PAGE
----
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    Re: Longhand Sight Reduction
    From: Hanno Ix
    Date: 2014 Nov 19, 09:33 -0800
    Greg,

    In my recent CoSi table I sent Francis I have deleted the Doniol formula.  First, the universality of cos / sin goes far  beyond Doniol. The other reason is the very issue  you are talking about.

    I hate special cases and rules for distinctions between cases. Their correct application depends on memory which can, and therefore will, fail - particularly in stress situations. I am a glider pilot and have stories to tell about navigation in stress!

    Also, I can show you places in CelNav literature, even in recognized CelNav, literature, where such errors occurred AND were not corrected through several editions. This is also the reason I hate logarithms. The possibilities for errors in their CelNav applications are literally "numerous" .

    RE: Doniol. The prior version used cos(x) which is insensitive to the sign of x, other than sin(x) or tan(x). This feature alone makes the it very attractive. The sign of cos(x) is however still sensitive to the absolute value of x. The haversine-Doniol kills even that error source. That, then, makes our latest version of D virtually iron-clad against sign errors. So I thought the cos-Doniol should not be even brought up any more.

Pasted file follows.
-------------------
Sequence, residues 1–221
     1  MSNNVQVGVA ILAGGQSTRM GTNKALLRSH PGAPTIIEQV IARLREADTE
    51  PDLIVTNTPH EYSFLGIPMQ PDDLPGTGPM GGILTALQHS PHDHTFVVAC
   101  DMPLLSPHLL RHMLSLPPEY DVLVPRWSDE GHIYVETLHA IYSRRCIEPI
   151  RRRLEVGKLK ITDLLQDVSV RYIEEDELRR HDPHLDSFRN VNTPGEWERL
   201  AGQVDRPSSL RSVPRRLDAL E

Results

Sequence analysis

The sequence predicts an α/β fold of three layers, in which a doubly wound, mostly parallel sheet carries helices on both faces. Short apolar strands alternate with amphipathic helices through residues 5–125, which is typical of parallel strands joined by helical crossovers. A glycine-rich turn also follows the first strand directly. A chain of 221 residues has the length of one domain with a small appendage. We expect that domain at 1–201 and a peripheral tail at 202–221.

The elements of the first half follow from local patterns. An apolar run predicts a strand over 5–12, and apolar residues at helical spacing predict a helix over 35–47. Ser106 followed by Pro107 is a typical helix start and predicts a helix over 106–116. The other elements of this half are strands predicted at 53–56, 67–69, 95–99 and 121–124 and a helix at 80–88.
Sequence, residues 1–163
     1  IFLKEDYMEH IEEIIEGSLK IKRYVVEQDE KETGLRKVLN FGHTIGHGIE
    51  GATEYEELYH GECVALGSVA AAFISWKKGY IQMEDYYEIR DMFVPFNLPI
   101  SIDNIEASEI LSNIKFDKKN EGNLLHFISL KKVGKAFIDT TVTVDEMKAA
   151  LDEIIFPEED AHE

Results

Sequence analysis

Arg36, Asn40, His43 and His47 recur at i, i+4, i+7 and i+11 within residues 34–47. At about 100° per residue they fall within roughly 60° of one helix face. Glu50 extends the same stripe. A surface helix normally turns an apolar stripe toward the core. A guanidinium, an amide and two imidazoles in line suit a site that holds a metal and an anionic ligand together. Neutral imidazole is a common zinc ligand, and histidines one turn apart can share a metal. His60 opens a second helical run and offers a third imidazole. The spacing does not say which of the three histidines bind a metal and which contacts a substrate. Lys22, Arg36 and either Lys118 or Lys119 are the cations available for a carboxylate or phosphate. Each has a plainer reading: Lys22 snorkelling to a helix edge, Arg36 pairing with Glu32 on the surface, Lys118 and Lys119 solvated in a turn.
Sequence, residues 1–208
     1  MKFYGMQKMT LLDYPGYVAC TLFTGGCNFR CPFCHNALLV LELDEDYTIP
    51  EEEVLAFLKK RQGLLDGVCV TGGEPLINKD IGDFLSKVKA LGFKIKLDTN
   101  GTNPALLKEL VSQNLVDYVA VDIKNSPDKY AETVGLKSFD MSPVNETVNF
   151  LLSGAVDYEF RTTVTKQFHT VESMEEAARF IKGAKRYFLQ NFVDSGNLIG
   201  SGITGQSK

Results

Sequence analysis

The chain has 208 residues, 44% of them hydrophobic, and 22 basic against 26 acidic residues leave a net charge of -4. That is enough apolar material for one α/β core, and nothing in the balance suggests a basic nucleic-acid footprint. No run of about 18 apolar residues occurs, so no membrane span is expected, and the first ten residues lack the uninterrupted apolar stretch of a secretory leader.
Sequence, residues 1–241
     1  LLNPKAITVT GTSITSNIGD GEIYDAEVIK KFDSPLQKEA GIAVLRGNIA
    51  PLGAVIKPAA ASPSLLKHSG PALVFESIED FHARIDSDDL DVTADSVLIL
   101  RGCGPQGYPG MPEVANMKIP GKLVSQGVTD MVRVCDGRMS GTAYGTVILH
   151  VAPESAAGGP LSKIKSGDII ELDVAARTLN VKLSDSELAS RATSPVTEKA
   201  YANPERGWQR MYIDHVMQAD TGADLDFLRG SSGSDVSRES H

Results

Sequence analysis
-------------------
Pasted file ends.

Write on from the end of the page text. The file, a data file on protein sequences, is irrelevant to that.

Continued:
You mentioned the application of  the cos version for calculators. Personally, if I were to use a calculator here I'd still prefer the haversine version but replace hav(x) with [sin(x/2)]^2 and bypass any sign rules again.  This alone, for me, would justify the extra keystrokes. Space on a RIC would not be an issue. And IF one uses a calculator to begin with why not one that can be programmed? Cheap enough!

    Greg, this Doniol discussion with you has been very interesting. Who knows, we might not even done with it!

    Hanno


    On Wed, Nov 19, 2014 at 7:41 AM, Greg Rudzinski <NoReply_Rudzinski@fer3.com> wrote:

    Hanno,

    The Doniol formula at the bottom of the sin cosine table would be better listed as:

    Sin Hc = n-(n+m)a

    n= cos(L-d) , m= cos(L+d)  same name

    n= cos(L+d) , m= cos(L-d)  contrary name

    a= hv(t)

     

    When doing the reduction in the two column format p= the product value of column A where p= (n+m)a which speeds the reduction and saves space on the index card.

     

    Greg Rudzinski

     


       
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